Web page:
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When I first joined the content marketing team at AmerisourceBergen almost six years ago, we were a small but mighty operation. We dug in on production to build a content hub where not much had existed – and we did it with very few tools. Not a lot has changed for us in terms of team size over the years. But technological advances in content marketing have enabled us to build and engage audiences with more high-quality content that addresses their business challenges than ever.
How did we do it? And how can you use today’s tech tools to stand up or optimize your content marketing program? Use content marketing technology to tackle three of the biggest challenges today’s content marketers face:
Creating quality content at scale: Whether you’re a small shop or part of a large, matrixed organization, adding headcount isn’t easy. Plus, even the most prolific writers and subject matter experts have a limit on what they can produce. Consider tapping into online networks of freelancers or agency relationships that can help you multiply your content production and free up internal resources for content strategy.
Integrating technology into your content marketing operation can seem daunting, but the payoff – creating at scale, improving collaboration, and optimizing your audience’s experience with your brand – can really give your content marketing tea
What to look for: freelance networks that pay writers fairly and vet talent for content marketing and industry-specific experience; agency partners that specialize in content marketing
Collaboration and editing
Any content marketer who’s ever consolidated feedback from multiple reviewers can attest to the value of a content workflow tool. Today’s content marketing tech stack must include an online editor with version control and commenting, at a minimum.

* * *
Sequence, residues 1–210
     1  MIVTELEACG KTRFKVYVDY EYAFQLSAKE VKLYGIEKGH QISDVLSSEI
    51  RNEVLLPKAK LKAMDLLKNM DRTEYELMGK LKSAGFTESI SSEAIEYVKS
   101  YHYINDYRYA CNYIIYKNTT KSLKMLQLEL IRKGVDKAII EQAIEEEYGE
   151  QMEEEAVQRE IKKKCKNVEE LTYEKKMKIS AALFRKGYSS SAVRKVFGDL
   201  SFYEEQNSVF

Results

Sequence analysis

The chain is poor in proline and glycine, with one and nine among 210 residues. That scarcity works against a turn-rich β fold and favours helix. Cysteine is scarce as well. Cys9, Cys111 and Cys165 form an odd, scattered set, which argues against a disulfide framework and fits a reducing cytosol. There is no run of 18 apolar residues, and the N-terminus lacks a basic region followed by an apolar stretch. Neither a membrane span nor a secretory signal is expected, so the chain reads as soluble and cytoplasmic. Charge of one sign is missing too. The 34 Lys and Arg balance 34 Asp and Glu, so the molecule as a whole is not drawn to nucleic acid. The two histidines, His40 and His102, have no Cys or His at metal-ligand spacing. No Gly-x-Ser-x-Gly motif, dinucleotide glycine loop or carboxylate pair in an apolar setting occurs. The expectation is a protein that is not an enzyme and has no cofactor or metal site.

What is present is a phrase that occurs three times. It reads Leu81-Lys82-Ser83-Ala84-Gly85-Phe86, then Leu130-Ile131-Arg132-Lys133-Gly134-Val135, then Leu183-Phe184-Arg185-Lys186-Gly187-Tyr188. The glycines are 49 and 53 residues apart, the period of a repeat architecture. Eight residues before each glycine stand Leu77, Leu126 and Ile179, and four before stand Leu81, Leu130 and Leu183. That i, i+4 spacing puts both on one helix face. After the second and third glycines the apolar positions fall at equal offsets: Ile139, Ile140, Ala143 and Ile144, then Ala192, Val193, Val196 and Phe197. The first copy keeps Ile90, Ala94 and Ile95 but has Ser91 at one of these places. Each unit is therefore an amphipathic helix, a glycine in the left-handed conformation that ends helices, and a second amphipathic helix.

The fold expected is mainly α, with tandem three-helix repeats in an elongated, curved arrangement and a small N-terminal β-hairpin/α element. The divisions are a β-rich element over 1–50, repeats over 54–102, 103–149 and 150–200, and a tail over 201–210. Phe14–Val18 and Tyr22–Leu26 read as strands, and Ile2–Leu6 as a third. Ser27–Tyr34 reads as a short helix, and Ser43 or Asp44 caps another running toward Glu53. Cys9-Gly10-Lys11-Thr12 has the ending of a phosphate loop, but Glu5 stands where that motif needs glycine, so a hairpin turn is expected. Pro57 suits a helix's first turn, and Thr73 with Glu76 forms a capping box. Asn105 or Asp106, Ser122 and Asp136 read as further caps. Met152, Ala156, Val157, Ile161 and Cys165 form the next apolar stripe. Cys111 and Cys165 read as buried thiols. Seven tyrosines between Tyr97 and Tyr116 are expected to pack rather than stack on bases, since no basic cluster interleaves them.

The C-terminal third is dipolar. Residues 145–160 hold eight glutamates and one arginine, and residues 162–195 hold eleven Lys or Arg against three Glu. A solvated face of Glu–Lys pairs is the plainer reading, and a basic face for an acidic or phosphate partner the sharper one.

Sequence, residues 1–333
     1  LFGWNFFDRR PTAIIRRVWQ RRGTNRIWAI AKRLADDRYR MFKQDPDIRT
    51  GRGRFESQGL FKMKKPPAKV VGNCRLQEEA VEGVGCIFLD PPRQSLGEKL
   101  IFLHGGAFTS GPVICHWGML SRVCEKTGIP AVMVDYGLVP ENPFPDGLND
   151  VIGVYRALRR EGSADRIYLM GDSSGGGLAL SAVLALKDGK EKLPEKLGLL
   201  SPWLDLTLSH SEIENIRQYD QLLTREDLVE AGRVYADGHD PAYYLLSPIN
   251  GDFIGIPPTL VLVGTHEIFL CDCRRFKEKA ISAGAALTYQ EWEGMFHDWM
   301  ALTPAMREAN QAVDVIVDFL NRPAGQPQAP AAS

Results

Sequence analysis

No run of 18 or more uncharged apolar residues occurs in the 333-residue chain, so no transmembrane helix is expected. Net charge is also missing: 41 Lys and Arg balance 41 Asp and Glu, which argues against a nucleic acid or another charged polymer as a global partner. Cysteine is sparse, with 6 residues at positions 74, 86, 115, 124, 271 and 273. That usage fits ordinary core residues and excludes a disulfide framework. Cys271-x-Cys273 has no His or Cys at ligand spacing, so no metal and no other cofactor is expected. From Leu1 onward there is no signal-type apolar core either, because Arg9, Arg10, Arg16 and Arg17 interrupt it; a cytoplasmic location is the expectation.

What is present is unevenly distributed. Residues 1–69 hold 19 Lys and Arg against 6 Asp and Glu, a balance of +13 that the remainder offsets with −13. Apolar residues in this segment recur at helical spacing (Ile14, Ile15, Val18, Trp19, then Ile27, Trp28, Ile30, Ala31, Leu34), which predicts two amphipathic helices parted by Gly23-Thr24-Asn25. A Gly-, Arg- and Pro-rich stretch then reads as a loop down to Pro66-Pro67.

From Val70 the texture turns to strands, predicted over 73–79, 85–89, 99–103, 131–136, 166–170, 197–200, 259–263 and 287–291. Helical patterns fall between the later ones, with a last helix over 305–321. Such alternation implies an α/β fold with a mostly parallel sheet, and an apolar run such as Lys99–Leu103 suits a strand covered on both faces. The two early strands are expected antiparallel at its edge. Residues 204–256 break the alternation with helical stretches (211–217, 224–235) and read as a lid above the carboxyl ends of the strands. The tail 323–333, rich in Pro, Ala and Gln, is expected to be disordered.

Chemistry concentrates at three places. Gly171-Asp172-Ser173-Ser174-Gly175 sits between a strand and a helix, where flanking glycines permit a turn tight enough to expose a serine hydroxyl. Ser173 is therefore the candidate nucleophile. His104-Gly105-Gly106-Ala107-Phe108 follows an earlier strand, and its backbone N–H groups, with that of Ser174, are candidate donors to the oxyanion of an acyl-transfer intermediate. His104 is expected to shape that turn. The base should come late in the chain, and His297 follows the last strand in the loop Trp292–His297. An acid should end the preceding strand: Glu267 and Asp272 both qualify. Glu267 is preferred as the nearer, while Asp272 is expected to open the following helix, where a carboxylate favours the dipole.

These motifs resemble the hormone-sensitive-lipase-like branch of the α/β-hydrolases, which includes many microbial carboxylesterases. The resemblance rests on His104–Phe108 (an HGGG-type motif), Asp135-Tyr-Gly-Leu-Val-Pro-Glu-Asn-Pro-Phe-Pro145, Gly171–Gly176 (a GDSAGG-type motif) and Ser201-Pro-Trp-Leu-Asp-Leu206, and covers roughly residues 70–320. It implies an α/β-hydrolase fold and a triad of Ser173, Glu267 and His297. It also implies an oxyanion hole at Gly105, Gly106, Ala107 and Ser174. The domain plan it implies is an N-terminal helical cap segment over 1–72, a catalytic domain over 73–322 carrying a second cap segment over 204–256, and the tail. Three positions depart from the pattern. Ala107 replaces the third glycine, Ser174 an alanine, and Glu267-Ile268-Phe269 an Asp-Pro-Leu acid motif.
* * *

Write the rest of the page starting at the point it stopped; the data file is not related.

What to look for: headline optimization functions, tone analyzers, and SEO tools; integration with your CMS for fast, efficient publishing
Curating the right user journey
Sometimes, your content marketing pieces hit just the right note the first time and a lead falls right into your lap.
Most of the time, the content-driven sales cycle is a little longer. But do you have enough content? Does your sales team know how to find and use it? To make sure content is varied and vast, consider licensing platforms. To get it in front of sales teams, look at sales enablement platforms that serve up appropriate content right in your CRM.
What to look for: high-quality licensed content that’s relevant to your audience (watch out for SEO restrictions) from platforms that pay writers fairly; Ease of use for sales teams
Where to start
If you’re brand new to content marketing (welcome!), you’ll probably only want to invest in one of these technologies/challenges at a time. That’s okay. It’s actually advisable. Which one should it be?
If your goal is content volume, start with licensed content (or a mix of licensed content and a freelancer network). This is the best way to publish a lot of pieces quickly.
If your goal is fewer, high-quality pieces, start with a freelancer network or agency relationship and ensure each piece is aligned to your audience goals and strategy. This is the slow and steady approach to standing up a content marketing program.
If your goal is process definition or refinement, start with a workflow platform to solidify how you’ll collaborate across marketing team members and other functions before you begin developing content.
Integrating technology into your content marketing operation can seem daunting, but the payoff – creating at scale, improving collaboration, and optimizing your audience’s experience with your brand – can really give your content marketing team the boost it needs when it comes to building an audience.